One of the divisions most affected by a company’s move to Lean IT is the Human Resources Department. This is to be expected as Lean IT is about a business’s people and their development.
She noted that while silos still exist at Amadeus, as they do in any company, communication is now much better, gatekeepers prevent bad data coming in, and the goals are clearer.
“Because they now do their own performance management reviews, silo managers are more mindful of the impact of their work on other departments, and of the whole process of getting IT projects out of the door. We have stopped having a separate cadre of project inspectors. The team that does the project is in the business of experimentation, not compliance and it rates itself against outcomes for the customer.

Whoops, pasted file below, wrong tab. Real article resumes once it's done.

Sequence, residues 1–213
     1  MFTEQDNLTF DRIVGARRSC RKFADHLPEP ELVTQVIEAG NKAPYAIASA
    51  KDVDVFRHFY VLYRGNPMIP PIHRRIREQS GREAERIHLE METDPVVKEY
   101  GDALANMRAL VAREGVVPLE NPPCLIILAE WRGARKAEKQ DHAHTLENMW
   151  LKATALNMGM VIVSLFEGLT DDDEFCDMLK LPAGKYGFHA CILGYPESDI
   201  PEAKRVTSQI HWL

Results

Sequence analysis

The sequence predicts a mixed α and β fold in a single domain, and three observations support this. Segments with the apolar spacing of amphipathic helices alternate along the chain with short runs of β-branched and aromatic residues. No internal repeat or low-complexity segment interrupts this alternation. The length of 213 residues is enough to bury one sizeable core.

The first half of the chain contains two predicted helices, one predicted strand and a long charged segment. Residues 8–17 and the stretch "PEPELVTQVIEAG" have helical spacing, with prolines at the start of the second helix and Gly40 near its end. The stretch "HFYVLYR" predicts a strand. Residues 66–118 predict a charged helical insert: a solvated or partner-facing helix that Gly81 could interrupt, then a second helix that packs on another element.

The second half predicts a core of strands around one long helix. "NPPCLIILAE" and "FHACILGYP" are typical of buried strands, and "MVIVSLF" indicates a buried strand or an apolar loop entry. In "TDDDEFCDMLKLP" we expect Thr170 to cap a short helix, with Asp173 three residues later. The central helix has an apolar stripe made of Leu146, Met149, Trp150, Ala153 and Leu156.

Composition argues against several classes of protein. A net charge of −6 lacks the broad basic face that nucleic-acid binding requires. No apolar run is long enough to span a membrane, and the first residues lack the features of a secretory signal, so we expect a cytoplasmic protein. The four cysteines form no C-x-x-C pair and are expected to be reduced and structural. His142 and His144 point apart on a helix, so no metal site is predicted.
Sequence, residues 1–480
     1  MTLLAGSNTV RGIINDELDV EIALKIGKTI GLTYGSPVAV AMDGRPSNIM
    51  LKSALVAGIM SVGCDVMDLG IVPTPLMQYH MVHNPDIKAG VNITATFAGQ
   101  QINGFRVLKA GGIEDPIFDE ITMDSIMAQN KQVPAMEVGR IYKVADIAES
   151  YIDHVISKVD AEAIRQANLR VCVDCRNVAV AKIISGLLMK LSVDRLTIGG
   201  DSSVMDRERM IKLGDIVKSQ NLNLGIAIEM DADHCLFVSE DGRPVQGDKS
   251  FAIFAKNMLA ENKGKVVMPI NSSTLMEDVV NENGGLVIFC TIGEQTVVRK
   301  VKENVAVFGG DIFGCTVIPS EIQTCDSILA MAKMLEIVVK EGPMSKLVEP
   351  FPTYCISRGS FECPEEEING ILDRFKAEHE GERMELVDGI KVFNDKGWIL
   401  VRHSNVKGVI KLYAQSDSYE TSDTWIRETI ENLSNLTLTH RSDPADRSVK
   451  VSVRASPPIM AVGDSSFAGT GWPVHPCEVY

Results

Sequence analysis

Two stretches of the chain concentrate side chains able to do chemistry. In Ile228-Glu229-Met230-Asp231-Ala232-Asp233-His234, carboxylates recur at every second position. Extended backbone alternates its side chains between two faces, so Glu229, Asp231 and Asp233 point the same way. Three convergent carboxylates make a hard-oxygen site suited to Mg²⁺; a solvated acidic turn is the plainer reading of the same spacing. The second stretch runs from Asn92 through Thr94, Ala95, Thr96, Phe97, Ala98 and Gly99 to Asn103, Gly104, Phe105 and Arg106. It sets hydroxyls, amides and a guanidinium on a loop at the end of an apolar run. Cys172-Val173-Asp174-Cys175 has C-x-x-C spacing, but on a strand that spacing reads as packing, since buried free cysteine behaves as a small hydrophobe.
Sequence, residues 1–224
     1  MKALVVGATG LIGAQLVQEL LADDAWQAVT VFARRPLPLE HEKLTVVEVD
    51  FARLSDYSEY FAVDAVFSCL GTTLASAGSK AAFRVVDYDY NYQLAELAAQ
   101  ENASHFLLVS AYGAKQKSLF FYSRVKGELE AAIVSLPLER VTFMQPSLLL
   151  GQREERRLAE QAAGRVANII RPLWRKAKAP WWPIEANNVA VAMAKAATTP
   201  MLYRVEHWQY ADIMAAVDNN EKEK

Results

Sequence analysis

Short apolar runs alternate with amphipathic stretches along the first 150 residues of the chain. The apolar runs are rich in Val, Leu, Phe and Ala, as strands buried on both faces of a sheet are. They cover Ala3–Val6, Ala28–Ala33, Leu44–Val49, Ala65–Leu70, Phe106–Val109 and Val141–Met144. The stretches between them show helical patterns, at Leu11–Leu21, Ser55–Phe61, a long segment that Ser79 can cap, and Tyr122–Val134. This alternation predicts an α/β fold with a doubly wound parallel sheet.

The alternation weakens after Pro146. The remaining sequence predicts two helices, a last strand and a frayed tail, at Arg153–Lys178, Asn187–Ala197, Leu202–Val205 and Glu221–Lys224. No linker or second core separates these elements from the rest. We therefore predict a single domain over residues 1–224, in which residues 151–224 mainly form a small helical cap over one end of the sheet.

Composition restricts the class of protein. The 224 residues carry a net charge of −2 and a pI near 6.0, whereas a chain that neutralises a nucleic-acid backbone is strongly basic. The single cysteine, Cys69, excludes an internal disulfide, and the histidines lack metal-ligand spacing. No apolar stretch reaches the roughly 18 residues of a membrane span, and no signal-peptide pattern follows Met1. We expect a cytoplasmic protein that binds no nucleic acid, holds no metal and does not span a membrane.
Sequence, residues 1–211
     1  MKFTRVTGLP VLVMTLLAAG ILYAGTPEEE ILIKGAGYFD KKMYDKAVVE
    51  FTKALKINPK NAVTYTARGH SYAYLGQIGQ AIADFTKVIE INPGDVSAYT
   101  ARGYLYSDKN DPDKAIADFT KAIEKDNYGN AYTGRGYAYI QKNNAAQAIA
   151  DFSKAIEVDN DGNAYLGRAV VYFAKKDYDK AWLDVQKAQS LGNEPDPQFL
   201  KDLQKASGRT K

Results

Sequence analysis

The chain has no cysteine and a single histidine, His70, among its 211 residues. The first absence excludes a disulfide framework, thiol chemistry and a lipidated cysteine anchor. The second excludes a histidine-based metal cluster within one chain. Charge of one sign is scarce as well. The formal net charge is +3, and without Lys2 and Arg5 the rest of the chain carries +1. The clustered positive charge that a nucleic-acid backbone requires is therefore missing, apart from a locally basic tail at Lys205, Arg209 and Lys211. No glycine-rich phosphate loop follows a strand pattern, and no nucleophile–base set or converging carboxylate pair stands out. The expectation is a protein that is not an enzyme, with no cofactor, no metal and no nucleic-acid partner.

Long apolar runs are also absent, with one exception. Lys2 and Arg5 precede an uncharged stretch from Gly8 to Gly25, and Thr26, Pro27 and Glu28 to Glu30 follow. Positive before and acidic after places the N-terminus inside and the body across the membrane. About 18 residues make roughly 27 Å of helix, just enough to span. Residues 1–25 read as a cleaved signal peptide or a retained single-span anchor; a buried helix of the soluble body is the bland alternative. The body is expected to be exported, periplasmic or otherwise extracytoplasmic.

“We find that staff work best when they have the time to allow them to think. A robot can’t think. People, by contrast, really want to achieve something, including recognition, whether it’s for pragmatic acts or strategy conceptions. The people view behind Lean IT is to put the power to make decisions in those who can really improve the work and that means the technicians not just the managers.”
Given that Lean IT is, at its core, about a company’s people and their development, Ms. Ribeiro’s observations go a long way to demonstrating how that happens in actual practice when embarking on the Lean IT journey.